“That’s been addressed very clearly with our staff. Individually me and Charles had a conversation about that, had a conversation with the overall staff,” Franklin said. “There’s obviously a lot of details and specifics that go into it that we don’t need to get into right now, but I know who Charles Huff is as a man, I know who Charles Huff is as a coach and those things have been addressed. There’s not a place for that.”

Is Joey Julius still the kicker?

The sophomore who walked on to the team last summer missed two extra points against Indiana and booted a kick out of bounds. Fellow walk-on Tyler Davis came in to replace Julius. 

Who takes the field Saturday? 

“Joey’s our guy,” Franklin said. “It’ll be a competition like it is every week but we’re not in the business of if a guy has a rough day or makes a mistake of changing our plan or our mind. Joey’s our guy and he’s done a great job in the offseason, he’s working really, really hard, he’s grown so much in the last year. … We’ll make a decision later in the week, but again, if we were playing today Joey would be our guy.”

Franklin has said every week that at both kicker and punter the staff continues monitoring all of the players in order to put the best one out there.

Punter Chris Gulla wasn’t dressed last Saturday as Daniel Pasquariello returned to punting duties. No update was given on who handles punting duties this week. 

Will Adam Breneman see the field this season? 

Adam Breneman’s name appeared on a slide in the background of a video the team posted on their website last Friday where he was named one of two scout team players of the week. The former Rivals four-star tight end missed last season with a knee injury and has yet to play this season.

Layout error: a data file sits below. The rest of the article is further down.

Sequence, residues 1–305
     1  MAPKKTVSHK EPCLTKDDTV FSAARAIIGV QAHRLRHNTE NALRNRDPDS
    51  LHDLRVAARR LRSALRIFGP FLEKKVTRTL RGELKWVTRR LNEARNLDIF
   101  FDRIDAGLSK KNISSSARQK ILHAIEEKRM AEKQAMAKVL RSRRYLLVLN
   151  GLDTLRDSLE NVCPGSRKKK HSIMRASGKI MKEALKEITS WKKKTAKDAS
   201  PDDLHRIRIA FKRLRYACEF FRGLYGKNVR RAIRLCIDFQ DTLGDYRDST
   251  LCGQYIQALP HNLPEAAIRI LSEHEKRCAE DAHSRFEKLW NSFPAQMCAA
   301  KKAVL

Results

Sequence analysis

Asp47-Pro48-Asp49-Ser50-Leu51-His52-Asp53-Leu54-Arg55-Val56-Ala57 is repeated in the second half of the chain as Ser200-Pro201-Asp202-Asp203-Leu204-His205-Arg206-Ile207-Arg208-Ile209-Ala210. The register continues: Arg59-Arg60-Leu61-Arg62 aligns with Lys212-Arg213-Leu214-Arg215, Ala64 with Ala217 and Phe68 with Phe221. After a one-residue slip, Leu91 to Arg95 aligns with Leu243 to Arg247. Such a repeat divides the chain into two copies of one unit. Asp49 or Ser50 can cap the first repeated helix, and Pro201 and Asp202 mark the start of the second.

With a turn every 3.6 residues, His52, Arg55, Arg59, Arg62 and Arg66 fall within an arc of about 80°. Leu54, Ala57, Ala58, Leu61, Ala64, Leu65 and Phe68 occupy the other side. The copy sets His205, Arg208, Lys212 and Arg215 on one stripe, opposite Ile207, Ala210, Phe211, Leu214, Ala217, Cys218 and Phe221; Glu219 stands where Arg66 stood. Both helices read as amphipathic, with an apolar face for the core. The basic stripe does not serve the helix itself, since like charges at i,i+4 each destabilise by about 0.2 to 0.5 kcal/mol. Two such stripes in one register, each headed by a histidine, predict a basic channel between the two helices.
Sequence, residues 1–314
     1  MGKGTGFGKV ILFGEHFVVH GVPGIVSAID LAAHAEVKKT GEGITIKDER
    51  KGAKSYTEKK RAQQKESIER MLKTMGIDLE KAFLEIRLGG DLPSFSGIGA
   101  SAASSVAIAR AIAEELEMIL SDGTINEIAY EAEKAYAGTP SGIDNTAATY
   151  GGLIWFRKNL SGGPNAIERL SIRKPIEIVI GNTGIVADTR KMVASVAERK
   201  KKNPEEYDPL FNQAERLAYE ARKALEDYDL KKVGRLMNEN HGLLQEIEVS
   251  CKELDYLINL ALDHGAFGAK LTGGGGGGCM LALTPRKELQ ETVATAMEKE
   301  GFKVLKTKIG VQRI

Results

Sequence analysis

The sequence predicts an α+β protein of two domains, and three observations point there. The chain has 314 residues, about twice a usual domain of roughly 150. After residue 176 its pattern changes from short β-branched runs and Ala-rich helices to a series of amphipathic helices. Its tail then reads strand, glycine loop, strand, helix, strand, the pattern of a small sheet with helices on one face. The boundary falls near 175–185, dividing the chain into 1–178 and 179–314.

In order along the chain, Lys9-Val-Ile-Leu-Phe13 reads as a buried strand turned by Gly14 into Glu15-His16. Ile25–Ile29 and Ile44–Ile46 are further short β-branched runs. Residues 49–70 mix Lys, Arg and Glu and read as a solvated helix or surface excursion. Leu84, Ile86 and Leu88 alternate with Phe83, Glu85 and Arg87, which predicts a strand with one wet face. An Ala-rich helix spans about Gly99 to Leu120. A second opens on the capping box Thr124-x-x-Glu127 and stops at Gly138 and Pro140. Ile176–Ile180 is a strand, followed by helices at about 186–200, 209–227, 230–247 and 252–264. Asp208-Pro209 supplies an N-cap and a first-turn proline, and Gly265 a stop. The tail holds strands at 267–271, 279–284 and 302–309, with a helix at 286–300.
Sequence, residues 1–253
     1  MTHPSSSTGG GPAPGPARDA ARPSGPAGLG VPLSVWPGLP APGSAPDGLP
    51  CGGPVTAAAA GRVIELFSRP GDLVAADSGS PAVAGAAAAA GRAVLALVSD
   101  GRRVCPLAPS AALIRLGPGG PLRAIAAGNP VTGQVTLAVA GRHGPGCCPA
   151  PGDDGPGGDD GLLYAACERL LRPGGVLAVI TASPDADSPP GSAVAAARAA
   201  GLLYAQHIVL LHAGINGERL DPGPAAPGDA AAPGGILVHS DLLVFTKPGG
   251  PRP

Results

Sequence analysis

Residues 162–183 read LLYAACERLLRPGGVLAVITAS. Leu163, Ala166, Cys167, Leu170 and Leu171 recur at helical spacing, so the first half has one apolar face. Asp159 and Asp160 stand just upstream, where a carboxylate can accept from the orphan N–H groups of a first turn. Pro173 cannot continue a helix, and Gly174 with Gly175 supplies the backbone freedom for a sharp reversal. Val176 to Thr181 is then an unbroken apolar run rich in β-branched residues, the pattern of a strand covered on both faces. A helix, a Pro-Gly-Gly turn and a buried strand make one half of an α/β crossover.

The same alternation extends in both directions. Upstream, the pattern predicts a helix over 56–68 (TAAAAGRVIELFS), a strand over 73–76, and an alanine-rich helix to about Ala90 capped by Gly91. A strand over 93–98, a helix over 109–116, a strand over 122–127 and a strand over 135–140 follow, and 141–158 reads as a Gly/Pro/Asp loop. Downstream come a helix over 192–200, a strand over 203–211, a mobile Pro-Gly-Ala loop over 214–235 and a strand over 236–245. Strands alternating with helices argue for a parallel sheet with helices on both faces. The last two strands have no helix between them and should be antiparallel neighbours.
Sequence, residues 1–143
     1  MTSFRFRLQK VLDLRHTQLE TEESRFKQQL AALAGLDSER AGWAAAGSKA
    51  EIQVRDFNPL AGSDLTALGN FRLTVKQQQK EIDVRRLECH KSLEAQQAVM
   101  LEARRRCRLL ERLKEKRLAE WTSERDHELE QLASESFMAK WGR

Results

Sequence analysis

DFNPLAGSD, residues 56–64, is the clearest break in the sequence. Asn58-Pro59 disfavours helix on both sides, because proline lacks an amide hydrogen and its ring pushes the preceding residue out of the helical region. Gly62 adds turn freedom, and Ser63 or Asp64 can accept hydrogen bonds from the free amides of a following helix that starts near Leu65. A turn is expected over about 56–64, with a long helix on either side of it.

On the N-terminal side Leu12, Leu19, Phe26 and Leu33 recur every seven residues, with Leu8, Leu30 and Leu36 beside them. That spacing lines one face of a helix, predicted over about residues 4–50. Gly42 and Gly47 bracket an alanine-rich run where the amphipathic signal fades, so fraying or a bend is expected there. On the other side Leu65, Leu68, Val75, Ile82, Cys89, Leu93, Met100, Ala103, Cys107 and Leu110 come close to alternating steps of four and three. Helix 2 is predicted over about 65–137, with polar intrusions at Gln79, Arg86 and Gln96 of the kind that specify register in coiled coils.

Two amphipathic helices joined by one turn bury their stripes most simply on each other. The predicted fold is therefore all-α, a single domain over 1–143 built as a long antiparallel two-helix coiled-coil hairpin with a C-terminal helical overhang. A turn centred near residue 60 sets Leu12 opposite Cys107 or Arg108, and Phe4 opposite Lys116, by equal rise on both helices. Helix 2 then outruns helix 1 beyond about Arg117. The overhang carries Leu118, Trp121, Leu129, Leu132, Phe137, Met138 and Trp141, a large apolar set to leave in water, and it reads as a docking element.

On Saturday Breneman appeared on the sideline for the first time in pads and while he didn’t play, Franklin said they’ll continue to ease him back in with the scout team in hopes that he can see the field at some point this year. 

“Love how you guys found in the video found the slide,” Franklin said. “You guys are relentless. I love it. … At this point he’s still going to do that, that’s kind of where he’s at in his progression of getting back on the field at some point. Again, we’re going to take those things slowly and those things will be medical staff decisions.” 

Slowing down Braxton Miller 

It’s no secret that Ohio State has plenty of weapons on both sides of the ball and quarterback turned receiver Braxton Miller is certainly one of them. 

Franklin said Penn State’s scout team realistically can only mimmic so much and while he wouldn’t say who will rep on the scout team as Miller (or Cardale Jones or J.T. Barrett for that matter), he said it’s hard to ignore Miller’s skill set. 

“Braxton, we watch him on film and he’s playing wide receiver now like he’s played wide receiver his entire life,” Franklin said. “It’s impressive. I think Braxton is that type of athlete. He can throw it, he can run it, with the ball in his hands he’s special. It just gives you another option that you have to deal with.”